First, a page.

The EU directive on the energy efficiency of buildings has triggered strong reactions in Italy, but the legislative process is still ongoing, and the text may be amended, MEP Nicola Danti told EURACTIV Italy in an interview, adding that anti-EU propaganda over the case must be addressed with the facts.
The EU directive is expected to be adopted before summer as it will be debated atthe plenary in Marchand the trilogue between the European Parliament, the Commission, and the Council, will start.
It aims to make all EU buildings climate neutral by 2050. The EU building sector is a significant challenge for climate action, responsible for more than a third of CO2 emissions today.
Yet, Italians fear that the directive would penalise them should they fail to comply, despite the fact that the directive’s provision that states, rather than individuals, would be penalised.
“This is one of the falsehoods spread by anti-European propaganda. No sanctions are envisaged for owners. Another issue, as with any directive, is the question of a possible infringement procedure if a member country does not reach the set targets in the set time”, Danti told EURACTIV Italy.
According to Identity and Democracy (ID) and the Conservatives and Reformists (ECR) chaired by Prime Minister Giorgia Meloni, the timetable set by the directive makes the energy upgrading of buildings unfeasible, and the resources provided insufficient.
Danti disagrees but believes there are key points to clarify and work on.
“What is missing to date is an assessment of the impact of these exemptions, the possibility of providing for a possible revision of the targets based on ongoing assessments, and there are some specific points to review such as the bans on gas boilers,” he explained to EURACTIV Italy.
However, he believes there is enough time to work on the text and improve it without the need for alarm.
“We need seriousness; throwing it into the mix just to feed anti-European propaganda will get us nowhere […] A great country like Italy must have the courage to give itself important goals”, he said, stressing that improving the energy performance of buildings will also mean bill savings for citizens.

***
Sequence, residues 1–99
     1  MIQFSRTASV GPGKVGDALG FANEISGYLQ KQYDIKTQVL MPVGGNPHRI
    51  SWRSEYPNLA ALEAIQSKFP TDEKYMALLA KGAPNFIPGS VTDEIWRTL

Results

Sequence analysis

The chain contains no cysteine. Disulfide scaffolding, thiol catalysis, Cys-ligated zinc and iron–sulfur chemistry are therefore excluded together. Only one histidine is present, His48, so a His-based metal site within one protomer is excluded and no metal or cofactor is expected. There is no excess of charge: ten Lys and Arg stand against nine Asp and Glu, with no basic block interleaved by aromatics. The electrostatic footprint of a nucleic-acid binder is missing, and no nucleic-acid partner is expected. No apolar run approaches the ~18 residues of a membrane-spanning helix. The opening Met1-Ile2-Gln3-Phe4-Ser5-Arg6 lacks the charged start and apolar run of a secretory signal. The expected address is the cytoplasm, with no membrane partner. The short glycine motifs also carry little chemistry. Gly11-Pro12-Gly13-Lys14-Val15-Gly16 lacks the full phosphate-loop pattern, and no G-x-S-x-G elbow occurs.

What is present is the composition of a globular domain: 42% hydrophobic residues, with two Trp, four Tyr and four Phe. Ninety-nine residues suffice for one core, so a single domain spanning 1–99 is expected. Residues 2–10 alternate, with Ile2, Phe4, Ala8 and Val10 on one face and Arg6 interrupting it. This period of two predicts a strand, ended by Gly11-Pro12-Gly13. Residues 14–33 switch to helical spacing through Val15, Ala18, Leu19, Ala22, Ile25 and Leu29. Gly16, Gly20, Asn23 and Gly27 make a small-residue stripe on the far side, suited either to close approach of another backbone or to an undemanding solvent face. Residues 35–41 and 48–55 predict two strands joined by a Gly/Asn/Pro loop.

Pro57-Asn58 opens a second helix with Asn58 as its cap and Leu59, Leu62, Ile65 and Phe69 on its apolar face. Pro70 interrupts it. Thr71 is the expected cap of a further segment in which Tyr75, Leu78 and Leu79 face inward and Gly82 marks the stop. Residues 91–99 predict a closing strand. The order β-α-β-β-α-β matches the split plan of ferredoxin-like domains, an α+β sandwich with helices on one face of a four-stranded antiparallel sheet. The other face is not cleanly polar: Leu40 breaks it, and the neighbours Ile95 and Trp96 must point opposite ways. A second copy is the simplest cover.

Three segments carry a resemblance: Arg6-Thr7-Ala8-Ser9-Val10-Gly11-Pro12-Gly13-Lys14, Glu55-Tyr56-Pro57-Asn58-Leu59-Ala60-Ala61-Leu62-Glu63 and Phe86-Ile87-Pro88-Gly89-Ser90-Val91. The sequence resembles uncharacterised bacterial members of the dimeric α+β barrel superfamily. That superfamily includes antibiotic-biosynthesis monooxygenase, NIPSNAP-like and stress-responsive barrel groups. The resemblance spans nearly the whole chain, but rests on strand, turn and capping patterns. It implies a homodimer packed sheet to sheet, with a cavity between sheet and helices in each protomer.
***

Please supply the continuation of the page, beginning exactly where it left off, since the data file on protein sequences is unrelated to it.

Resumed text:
On the issue of funds, according to the directive, member states will have to ensure adequate financial support and appropriate social safeguards. It will be the responsibility of the state to prepare a national plan for restructuring.
Danti suggests an ad hoc fund that would make available the necessary resources to achieve the set targets.
In contrast, according to energy expert Michele Bina, the funds would be “more than enough” to decarbonise the rest of the EU’s electricity sector, which today walks on coal or gas, and achieve virtually all of the EU’s FIT for 55 targets in 2030.
“With €600 billion, about 800-1,000 GW of zero-emission power generation capacity can be installed,” Bina told EURACTIV Italia.
“Let’s always remember that, depending on prices, the EU spends about €1-1.5 trillion annually to import fossil fuels,” he added.
This “fanaticism” about building energy efficiency, according to Bina, is the result of a lack of serious cost-benefit analysis and lobbying by fossil fuel companies, which can thus continue their activities undisturbed.
European Affairs Minister Raffaele Fitto (Fdi/Ecr) said that “Italy cannot deal with the issue of energy efficiency in buildings like other countries” because of a “peculiarity” that the government has pledged to defend: having a real estate heritage that is different because of its architectural, historical and cultural value.
In the agreement reached by the European People’s Party (Forza Italia), Socialists and Democrats (PD), Renew (Iv/Action), Greens and the Left, the framework of exceptions from previous versions was confirmed. Among them, member countries can decide to exclude protected buildings of special historical and architectural value and places of worship from the directive.
“This is an exception that we strongly wanted precisely because, otherwise, we would have risked a strong penalisation of some states, especially Italy, which has a huge heritage of this kind”, Danti explained.
“Indeed, I would like to specify that another of the results we have obtained is the fact that buildings that do not yet have the status of historic or artistic interest, but which applied before the directive came into force, will still be able to enjoy the exemption once the status is recognised”, he added.
There is unanimous consensus on the point, and Danti says Renew is ready to work with everyone putting aside party ideologies. However, he condemns the populist propaganda being spewed by the right.
“Wall-to-wall and demagogy do not serve to bring home results; on the contrary, it risks hurting our country. I understand that Meloni has to hide her own difficulties and weaknesses, but if she chooses to chase the populist sovereignist sirens, she is not doing Italy’s interest”, he concluded.